Backing away from his previous concerns about sexual misconduct allegations against Alabama senate candidate Roy Moore, Senate Majority Leader Mitch McConnell (R-KY) reversed course in a Sunday interview saying Moore should stay in the race so that voters can decide his fate.
“We’re going to let the people of Alabama decide a week from Tuesday who they want to send to the Senate,” McConnell told George Stephanopoulos on ABC’s This Week. McConnell’s stance echoed the wishy-washy language expressed by President Donald Trump, who has refused to condemn Moore for the multiple allegations of sexual abuse leveled against him.
McConnell notably refused to respond to Stephanopoulos’ question as to whether he thought Moore should be in the Senate, again deferring to the voters. He likewise refused to say whether he would make any recommendations to the Senate Ethics Committee should Moore be elected. “Ultimately it will be up to them to make that decision,” he said.
Stephanopoulos pointed out that McConnell has said he believed the women who accused Moore and asked whether he believes the many women who have made accusations against President Trump. McConnell indicated he only cares about his jurisdiction over the Senate.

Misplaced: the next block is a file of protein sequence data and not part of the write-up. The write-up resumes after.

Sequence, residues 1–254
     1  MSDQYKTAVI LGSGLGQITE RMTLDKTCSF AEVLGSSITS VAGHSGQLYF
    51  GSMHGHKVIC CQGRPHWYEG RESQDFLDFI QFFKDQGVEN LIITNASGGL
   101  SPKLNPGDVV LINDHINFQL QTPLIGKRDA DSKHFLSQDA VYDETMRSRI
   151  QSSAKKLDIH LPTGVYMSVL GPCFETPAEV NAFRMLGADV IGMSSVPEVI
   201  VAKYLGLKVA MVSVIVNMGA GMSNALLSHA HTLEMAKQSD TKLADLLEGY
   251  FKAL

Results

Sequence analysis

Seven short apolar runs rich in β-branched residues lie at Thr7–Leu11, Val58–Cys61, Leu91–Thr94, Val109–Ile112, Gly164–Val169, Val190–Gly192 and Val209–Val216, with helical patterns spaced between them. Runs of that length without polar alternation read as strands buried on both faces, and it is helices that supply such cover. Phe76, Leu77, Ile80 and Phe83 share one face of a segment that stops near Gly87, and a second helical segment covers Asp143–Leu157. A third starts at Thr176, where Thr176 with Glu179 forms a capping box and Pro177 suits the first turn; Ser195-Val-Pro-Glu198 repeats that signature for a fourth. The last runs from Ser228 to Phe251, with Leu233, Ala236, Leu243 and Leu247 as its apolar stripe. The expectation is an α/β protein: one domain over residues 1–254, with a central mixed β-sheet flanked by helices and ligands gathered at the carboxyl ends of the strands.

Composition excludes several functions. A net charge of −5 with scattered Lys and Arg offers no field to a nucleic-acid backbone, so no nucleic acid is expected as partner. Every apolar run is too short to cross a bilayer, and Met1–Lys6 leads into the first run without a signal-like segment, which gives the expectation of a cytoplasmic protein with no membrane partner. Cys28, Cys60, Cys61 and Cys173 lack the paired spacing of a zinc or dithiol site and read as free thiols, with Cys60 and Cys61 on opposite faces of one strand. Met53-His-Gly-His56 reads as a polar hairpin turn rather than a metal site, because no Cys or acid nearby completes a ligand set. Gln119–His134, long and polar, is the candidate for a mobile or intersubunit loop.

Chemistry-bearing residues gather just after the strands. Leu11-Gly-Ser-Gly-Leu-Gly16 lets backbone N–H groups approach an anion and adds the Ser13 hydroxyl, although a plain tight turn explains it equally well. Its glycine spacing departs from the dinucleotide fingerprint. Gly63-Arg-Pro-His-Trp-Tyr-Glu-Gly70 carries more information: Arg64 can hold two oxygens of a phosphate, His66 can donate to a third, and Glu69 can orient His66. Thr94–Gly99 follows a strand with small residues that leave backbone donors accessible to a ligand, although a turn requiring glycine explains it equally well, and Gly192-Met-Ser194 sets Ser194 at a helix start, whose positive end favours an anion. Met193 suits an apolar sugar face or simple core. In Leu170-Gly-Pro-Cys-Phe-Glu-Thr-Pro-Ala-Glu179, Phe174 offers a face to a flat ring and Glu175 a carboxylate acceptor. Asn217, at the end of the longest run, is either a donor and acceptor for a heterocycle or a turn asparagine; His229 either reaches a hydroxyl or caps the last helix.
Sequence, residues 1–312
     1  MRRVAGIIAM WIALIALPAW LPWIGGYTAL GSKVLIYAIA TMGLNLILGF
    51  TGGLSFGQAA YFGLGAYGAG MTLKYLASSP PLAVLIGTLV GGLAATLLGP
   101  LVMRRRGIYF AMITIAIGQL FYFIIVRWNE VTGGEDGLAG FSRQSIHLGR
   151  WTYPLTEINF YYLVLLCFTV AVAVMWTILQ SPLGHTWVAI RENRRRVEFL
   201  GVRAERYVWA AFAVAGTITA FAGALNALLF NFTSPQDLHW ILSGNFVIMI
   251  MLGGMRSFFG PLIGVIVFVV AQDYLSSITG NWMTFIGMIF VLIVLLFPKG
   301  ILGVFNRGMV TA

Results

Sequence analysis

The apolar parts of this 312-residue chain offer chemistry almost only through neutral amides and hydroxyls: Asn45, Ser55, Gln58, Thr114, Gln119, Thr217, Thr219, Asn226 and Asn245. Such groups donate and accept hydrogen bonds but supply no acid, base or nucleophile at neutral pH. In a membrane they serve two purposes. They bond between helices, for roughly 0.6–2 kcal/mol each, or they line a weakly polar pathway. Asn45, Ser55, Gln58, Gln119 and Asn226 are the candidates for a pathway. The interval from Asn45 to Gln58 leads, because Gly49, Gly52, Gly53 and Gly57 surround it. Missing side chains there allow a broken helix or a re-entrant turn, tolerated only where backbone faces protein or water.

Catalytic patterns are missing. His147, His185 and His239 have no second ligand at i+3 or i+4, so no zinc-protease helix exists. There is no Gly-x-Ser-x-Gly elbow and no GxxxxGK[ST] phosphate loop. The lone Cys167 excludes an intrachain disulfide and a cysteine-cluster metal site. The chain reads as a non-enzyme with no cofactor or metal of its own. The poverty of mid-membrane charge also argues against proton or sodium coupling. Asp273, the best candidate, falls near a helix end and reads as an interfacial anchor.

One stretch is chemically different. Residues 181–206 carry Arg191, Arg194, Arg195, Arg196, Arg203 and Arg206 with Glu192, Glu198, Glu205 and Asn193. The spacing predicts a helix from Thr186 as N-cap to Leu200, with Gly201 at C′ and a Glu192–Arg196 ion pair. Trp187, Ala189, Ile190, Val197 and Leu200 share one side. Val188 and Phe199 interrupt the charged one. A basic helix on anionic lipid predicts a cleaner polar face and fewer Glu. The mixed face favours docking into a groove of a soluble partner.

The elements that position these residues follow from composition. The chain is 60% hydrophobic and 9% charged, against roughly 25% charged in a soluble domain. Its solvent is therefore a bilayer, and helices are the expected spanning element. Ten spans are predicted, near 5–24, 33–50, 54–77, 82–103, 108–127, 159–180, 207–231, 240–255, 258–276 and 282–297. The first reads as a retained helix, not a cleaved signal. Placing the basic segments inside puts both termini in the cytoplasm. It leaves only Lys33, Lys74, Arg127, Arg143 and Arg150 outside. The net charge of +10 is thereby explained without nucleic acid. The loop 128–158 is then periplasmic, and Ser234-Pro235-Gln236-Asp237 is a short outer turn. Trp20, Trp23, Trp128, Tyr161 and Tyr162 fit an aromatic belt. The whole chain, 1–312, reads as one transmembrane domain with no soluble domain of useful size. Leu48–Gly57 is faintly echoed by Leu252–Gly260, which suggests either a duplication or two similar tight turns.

On CBS’ Face the Nation, McConnell reiterated the same perspective, saying, “We’ll swear in whoever’s elected and see where we are at that particular point.”
Indeed, McConnell used the exact same line that Trump used for weeks after the allegations came forth before eventually reiterating support for Moore. By deferring to voters in the state, the White House sought to avoid accountability for the outcome of the election without outright condemning Moore.
The White House has likewise claimed that Trump won’t be going to Alabama to campaign for Moore, and yet this week,Trump is scheduled to hold a campaign-style rally in Pensacola, Florida. Not only is Pensacola just 20 miles from the Alabama border, it also resides in the same media market as Mobile, Alabama. This makes it accessible to Alabama voters, who can attend in-person or watch on their local news that night — just four days before the special election.